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Euphorbia grandicornis subsp. grandicornis

CACTUSPEDIA       
 
 


Euphorbia grandicornis
Superbly decorative cactus like Euphorbia with strong impressive spines resembling the shape of cows’ horns. Placed alone with its exaggerated form is as intriguing as a sculpture. It bears tiny yellow to green flowers surrounded by little leaves.
 

Description: Great looking upright multistemmed succulent shrub with strong spines resembling the shape of cows’ horns. Has great angular and zig-zag shaped stems making in a good ornamental choice. It has a close rigid bushy growth habit and can become enormous, often collapsing under its own weight eventually grows up to 2 m tall and about the same in width.
Stem: 3(-4) winged, up to 10 cm in diameter, irregular, constricted in broad, twisted, triangular segments about 15 cm long. Centre of the segments conspicuously pale.
Leaves: Tiny, scale-like between the spines, in summer where the new growth forms, but usually devoid of leaves all winter. So that photosyntesis is carried out by the green branches.
Spines: Spines shield grey or brownish, joined, forming a horny continuous ridge, the (stipular) spines are paired 30-70 mm long.
Flowers: Quite striking and brilliant yellow cyathia, growing just above the spines on the ridges of the terminal segment, usually on mature plants, and mostly those growing in full sun. They are usually in groups of three, the middle one (sessile) male and the other two (peduncled) bisexual. Involucral bracts 8 m in diameter, glabrous, glands 5 up to 4 mm long entire yellow.
Blooming season: Flowers and fruits in late spring
Fruits: 3-lobed capsule, Ř 8 mm purple when ripe. They are quite attractive lining up in rows on the angled ridges of the branches.

 

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Family: Euphorbiaceae

Scientific name:  Euphorbia grandicornis Goebel exN.E.Br. subsp. grandicornis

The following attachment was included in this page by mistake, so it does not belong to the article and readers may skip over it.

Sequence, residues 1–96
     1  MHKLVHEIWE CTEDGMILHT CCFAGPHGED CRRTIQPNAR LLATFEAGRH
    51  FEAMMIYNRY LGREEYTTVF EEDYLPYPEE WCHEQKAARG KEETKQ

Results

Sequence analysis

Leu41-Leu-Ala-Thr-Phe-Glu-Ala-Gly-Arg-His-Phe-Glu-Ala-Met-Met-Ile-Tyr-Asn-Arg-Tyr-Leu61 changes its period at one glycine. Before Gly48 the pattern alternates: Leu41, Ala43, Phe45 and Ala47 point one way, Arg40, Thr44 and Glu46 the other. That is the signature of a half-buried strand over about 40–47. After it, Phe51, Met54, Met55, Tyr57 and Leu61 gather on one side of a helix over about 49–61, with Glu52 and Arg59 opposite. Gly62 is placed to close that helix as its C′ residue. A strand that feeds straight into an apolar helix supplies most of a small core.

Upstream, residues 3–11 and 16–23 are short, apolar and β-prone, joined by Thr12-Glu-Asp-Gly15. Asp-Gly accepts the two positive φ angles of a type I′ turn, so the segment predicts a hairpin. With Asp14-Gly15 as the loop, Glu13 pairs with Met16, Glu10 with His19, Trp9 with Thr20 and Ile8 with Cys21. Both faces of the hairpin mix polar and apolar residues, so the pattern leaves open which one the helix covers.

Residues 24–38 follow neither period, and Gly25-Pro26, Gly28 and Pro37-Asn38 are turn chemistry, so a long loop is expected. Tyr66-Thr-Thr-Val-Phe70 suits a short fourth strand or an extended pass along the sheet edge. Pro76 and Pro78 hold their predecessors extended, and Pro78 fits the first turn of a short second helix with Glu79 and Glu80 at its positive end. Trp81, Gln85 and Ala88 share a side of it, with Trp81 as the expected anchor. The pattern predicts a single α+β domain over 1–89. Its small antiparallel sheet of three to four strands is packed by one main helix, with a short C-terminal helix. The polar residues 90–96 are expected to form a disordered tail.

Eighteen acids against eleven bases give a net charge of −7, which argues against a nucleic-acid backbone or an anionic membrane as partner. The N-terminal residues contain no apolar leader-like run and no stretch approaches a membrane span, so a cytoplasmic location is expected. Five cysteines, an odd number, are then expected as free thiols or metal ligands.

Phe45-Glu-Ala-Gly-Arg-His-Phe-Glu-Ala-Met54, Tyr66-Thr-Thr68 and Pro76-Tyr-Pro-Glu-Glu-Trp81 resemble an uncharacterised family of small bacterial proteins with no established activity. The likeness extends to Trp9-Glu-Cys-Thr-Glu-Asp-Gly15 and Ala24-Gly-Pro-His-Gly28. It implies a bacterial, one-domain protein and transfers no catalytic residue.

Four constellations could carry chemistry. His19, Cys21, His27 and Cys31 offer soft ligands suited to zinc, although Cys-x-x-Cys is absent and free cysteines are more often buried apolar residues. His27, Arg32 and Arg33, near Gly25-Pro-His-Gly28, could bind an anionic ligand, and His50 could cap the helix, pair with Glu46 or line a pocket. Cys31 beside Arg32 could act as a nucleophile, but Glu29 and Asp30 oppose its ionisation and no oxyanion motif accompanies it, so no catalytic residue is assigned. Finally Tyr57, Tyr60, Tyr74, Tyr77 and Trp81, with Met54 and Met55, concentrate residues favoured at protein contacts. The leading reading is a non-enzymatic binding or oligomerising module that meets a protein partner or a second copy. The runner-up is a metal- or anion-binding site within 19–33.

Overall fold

Common Names include:  Cow's horn euphorbia, Big horn, Rhino thorn, (They are also called Zig Zag Cactus).

Origin: KwaZulu-Natal, Swaziland, Mozambique, Kenya

Habitat: Grows in small colonies, on low altitude on hot, dry, alluvial soil often with well-protected grass .

Conservation status: Listed in CITES appendix 2.

 

 

 


 

Cultivation: It is an easy species to grow that is suited for any well drained soil in full sun. But young plant are happy growing indoors, where they can easily reach the ceiling. Give the plant an airy growing medium which mainly consists of non organic material such us clay, pumice, lava grit, and only a little peat or leaf-mould. Water regularly during the active growing season from March to September. No water should ever be allowed to stand around the roots. Keep almost completely dry in winter. It is a moderately fast grower, and will quickly become large landscape masterpieces in just 3-5 years. Only downside is from strong winds, the columns often smash into each other, causing permanent scarring... best to plant in such a location where winds are not a big issue. If plant becomes very red, this is a sign that the roots have not developed properly. It is a relatively fast growing and long lived plant and once established, it will be content in its position and with its soil for years. It can tolerate moderate shade, and a plant that has been growing in shade should be slowly hardened off before placing it in full sun as the plant will be severely scorched if moved too suddenly from shade into sun. Like quite small pots, repott in very later winter, early spring. Can be pruned for shape and branching. Frost tender, frost free zones only. Plant Pests: Prone to mealy bugs and rarely scale.

Propagation:  It is easy to propagate by cuttings in late spring to summer,  just take a cutting of the plant let it dry for 1 or 2 weeks and stuff it in the ground (preferably dry, loose, extremely well draining soil).

Warning: All Euphorbias contain a white sap that can be irritating to eyes and mucous membranes. If contact is made with this white sap, take care to not touch face or eyes before washing hands with soap and water.

Uses: Makes a great barrier plant. It can be pruned regularly and kept short or be allowed to grow tall. If you have goats or cattle, they will eat this plant on the edges , trying to avoid the spines. It seems the latex doesn't bother or irritate the animals, truly weird!



 

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This old page has been moved! Click the link next on the right to enter the new Enciclopedia of Succulents. We hope you find this new site informative and useful.

Encyclopedia of Succulents